Too many business owners focus on cash flow but don’t necessarily understand the connection to these common hurdles. If your collections, employees and sales and marketing aren’t working like a fine-tuned machine, you could be staring down the barrel of cash flow issues.

In part one of a two-part blog, we take a look at the first two key business challenges and what you can do about them.

Issue 1: Cash flow

 When money is going out but not necessarily coming in at the same rate, you might worry there won’t be enough in the bank to pay wages, suppliers, loans, tax or even super. You might also feel frustrated that there isn’t any money left over to reward you for all your hard work.

Conquering business challenges. Part 2.

on Tuesday, 24 October 2017. Posted in General

Conquering Business Challenges. Part 2.

In our first blog about some of the biggest challenges facing business owners, we explored managing and improving your cash flow. We also offered tips when it comes to collections (getting paid) and how those challenges affect your business’ cash flow.

In this second edition, we’ll delve into how attracting and retaining good employees as well as sales and marketing can also affect your cash flow – one of the most critical components of a business’ success.

Issue 3:  Employees

Your employees are inextricably linked to your cash flow. One of the biggest employee problems many businesses face is finding good ones in the first place, and then motivating and retaining them.

There’s a real need to understand what employees want to ensure they are happy, productive and eager to stay, all of which helps your bottom line. 

"5 Ways to Protect your Assets Seminar"

on Friday, 29 September 2017. Posted in General

5 Ways to Protect your Assets

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Seminar: "5 Ways to Protect your Assets"

Today, its not enough to just operate a well-run and profitable business, you also need to protect your assets from a variety of risks. 

Coral and Mike, would like to extend a personal invitation for you to attend a seminar on "5 Ways to Protect your Assets" on the 24th October 2017.

Our guest speaker is Mark Lowis, a specialist lawyer, who helps manage risk and protect your assets.

Seminar topics:

  • Understanding common business risks better
  • Learn about strategies to protect your assets
  • See how to put an asset protection plan together
  • Learn about the risks that you can't insure
  • Hear about other ways to protect your assets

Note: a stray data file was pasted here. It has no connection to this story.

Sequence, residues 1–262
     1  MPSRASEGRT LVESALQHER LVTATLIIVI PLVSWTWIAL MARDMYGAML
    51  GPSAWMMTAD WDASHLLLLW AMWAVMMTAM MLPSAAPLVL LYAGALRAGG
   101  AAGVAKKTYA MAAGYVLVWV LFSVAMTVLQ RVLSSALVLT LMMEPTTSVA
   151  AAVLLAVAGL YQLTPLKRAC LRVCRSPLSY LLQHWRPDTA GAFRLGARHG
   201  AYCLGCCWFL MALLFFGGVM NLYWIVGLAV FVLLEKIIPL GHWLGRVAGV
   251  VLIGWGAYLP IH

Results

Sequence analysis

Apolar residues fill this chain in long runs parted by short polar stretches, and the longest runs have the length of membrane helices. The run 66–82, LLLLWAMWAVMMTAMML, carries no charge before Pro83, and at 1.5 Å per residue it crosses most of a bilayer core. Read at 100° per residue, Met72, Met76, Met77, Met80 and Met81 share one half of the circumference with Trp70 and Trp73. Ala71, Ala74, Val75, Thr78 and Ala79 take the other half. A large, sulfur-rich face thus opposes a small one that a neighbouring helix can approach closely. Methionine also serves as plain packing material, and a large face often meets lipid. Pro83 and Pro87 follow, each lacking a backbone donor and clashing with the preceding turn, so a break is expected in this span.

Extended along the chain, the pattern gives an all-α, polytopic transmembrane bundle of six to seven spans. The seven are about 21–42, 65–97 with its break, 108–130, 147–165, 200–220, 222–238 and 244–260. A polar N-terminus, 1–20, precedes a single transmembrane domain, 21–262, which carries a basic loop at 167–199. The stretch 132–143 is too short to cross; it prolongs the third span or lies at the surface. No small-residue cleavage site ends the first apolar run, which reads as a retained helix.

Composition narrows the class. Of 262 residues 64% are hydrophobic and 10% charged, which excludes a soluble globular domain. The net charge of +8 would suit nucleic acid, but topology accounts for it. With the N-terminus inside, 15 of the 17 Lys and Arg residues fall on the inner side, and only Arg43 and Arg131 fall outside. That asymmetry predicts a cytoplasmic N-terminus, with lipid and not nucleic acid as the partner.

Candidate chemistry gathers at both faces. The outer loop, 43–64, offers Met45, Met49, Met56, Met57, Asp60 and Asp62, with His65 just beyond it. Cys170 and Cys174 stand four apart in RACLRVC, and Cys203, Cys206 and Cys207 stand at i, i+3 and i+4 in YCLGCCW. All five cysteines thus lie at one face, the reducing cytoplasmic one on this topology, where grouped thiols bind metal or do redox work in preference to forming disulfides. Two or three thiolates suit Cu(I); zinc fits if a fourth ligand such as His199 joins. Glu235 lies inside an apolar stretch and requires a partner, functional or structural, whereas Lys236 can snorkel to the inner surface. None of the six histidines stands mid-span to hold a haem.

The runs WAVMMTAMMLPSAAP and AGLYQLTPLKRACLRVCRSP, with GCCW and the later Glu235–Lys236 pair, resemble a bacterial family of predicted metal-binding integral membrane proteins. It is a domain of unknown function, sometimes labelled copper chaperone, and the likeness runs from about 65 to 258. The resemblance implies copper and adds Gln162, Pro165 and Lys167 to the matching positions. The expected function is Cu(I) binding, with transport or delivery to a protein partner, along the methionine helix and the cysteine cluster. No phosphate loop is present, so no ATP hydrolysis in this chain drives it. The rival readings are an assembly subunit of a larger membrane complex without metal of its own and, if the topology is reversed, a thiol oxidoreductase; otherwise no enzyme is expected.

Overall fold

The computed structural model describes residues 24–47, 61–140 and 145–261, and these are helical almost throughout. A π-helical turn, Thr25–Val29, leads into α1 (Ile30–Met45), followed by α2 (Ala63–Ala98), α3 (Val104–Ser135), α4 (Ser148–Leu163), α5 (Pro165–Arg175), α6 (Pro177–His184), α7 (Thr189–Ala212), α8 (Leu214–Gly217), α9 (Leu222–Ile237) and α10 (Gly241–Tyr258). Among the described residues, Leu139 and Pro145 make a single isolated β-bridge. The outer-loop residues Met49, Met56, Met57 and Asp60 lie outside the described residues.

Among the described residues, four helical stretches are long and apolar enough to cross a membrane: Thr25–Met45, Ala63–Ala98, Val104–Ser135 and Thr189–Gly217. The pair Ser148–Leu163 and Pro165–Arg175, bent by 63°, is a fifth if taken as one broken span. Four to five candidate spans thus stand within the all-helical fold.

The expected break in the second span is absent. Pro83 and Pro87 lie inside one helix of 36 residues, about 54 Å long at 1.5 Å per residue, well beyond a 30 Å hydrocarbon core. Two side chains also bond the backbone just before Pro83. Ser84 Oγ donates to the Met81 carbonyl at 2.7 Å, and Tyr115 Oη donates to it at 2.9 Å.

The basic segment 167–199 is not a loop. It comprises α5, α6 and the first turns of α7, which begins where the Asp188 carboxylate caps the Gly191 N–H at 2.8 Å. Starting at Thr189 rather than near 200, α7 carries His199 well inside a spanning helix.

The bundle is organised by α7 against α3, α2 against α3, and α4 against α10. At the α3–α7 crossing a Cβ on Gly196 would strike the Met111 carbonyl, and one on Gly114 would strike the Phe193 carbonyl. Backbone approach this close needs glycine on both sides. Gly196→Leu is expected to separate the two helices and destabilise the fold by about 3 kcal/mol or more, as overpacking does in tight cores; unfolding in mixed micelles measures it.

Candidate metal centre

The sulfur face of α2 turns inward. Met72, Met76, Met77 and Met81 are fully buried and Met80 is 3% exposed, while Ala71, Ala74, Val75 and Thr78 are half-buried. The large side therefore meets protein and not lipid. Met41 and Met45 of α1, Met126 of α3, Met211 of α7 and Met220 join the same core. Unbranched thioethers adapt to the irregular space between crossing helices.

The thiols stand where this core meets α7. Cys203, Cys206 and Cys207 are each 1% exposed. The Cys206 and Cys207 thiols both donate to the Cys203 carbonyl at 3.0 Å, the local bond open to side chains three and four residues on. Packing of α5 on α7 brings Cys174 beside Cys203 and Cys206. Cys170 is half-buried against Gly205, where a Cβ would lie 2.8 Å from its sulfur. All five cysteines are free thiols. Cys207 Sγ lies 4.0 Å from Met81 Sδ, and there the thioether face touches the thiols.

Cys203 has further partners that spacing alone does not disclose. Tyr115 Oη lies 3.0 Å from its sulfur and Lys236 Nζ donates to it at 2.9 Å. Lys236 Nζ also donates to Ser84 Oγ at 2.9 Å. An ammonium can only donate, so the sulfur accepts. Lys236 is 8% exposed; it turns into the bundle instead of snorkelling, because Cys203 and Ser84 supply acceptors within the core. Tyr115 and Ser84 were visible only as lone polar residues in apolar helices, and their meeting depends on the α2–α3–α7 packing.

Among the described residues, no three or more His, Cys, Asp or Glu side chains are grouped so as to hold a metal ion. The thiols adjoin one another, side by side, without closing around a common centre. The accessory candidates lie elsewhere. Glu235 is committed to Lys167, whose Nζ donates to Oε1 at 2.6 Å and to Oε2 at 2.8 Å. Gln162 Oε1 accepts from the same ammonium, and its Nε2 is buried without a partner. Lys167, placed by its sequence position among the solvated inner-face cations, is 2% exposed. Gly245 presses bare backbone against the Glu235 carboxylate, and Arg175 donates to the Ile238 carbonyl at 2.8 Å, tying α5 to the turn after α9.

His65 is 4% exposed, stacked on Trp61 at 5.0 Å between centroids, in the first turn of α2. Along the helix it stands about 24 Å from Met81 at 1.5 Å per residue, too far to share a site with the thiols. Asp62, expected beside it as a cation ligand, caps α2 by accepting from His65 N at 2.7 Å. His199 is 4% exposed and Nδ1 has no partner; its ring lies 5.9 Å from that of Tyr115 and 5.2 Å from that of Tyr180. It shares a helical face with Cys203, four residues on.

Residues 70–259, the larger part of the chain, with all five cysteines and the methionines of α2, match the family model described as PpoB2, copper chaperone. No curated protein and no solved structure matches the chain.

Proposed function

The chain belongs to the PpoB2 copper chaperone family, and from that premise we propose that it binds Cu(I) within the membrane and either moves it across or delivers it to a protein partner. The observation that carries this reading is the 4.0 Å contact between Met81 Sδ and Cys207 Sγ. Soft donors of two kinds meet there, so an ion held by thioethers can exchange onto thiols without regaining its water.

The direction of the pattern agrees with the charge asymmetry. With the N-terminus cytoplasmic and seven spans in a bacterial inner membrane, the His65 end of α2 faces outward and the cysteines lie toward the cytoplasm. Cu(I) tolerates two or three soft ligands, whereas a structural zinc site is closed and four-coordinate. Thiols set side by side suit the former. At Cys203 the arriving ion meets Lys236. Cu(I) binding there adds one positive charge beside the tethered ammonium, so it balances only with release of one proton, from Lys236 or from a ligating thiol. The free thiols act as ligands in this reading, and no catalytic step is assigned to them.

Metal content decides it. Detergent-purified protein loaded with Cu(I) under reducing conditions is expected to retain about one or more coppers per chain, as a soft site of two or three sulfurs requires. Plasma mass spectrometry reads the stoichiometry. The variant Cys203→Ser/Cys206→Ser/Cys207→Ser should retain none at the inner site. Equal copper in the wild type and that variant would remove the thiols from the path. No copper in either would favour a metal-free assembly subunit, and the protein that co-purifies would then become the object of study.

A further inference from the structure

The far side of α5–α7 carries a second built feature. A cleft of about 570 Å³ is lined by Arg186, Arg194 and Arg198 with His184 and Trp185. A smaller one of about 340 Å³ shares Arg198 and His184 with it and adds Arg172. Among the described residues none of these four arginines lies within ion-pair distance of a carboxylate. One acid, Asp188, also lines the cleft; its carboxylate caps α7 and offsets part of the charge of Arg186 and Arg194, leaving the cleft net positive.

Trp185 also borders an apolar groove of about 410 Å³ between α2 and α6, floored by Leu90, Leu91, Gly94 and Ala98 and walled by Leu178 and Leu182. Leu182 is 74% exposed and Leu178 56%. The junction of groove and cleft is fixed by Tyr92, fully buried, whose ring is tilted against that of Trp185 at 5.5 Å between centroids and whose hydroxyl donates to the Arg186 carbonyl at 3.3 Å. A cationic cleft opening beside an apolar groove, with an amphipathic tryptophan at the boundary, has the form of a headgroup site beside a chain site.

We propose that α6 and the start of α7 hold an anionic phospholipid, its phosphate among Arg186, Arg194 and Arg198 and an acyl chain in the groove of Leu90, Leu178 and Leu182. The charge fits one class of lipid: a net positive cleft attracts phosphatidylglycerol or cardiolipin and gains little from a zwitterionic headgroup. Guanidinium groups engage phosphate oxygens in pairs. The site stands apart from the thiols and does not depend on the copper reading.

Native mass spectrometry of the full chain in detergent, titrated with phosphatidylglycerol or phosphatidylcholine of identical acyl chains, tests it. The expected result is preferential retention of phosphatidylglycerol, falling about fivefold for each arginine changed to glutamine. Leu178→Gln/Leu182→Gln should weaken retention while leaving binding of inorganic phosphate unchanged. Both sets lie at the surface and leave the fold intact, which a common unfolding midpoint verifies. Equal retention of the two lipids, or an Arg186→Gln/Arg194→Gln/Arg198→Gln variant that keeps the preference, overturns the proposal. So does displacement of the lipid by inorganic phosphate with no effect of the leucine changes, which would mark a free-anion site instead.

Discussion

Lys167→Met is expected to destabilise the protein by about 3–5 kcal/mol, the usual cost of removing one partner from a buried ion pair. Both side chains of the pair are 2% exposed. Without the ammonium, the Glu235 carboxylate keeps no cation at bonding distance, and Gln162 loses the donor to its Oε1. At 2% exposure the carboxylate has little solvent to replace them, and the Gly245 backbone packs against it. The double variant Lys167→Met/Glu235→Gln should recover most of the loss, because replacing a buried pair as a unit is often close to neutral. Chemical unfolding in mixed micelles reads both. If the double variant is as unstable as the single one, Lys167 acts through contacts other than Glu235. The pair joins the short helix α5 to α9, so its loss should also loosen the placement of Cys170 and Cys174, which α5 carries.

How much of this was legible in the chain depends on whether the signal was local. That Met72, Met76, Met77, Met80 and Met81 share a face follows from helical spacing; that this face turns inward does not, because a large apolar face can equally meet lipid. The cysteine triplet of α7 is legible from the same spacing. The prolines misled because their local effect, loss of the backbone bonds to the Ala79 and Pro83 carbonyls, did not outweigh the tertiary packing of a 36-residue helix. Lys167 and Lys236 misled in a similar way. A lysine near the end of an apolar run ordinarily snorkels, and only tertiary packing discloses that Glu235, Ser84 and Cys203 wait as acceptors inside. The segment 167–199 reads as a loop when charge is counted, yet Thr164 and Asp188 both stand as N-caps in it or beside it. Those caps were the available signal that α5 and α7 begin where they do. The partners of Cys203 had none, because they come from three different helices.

Come along, learn how to protect your assets better, have a chat and enjoy some food and drinks with Coral, Mike, Mark and the Wilson Teis team.

Event details

Date: Tuesday 24 October 2017 Time: 5:30pm for a 6:00pm start to 7:30 pm

Where: Unit 1, 2 Maynard Street, Woolloongabba QLD 4102

Light refreshments will be served.

Please RSVP before 17 October 2017 on 07 3255 1455 or This email address is being protected from spambots. You need JavaScript enabled to view it..


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Coral, Mike and the Team

The Wilson Teis Group deliver a large range of services including accounting and business services through Wilson Teis, exit planning and business improvement services through WT Value, bookkeeping through WT Bookkeeping; WT Financial delivers financial planning and investment services; and operations management services are brought to you through WT Operations.
WT Financial: Corporate Authorised Representative of Risk and Investment Advisors Australia Pty Ltd AFSL No. 238141

Tel: 07 3255 1455
Email: This email address is being protected from spambots. You need JavaScript enabled to view it.
Fax: 07 3255 1466

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Address:
2 Maynard Street
Woolloongabba Qld 4102

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"Budget Briefing 2017"

on Monday, 01 May 2017. Posted in General

Budget Briefing 2017

Budget 2017 paper blue2

"Budget Briefing 2017"

Now that the dust has settled on another Budget we’ve sifted through the detail and picked out some of the planned key changes we think you should be aware of. These measures are subject to parliamentary approval.

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Brisbane Office

Phone: 07 3255 1455
Email: gabba@wilsonteis.com.au
138 Juliette Street
Greenslopes QLD 4121

138 Juliette Street Greenslopes QLD 4121

Lowood Office

Phone: 07 5426 3111
Email: lowood@wilsonteis.com.au
Shop 2, 1 Walters Street
Lowood QLD 4311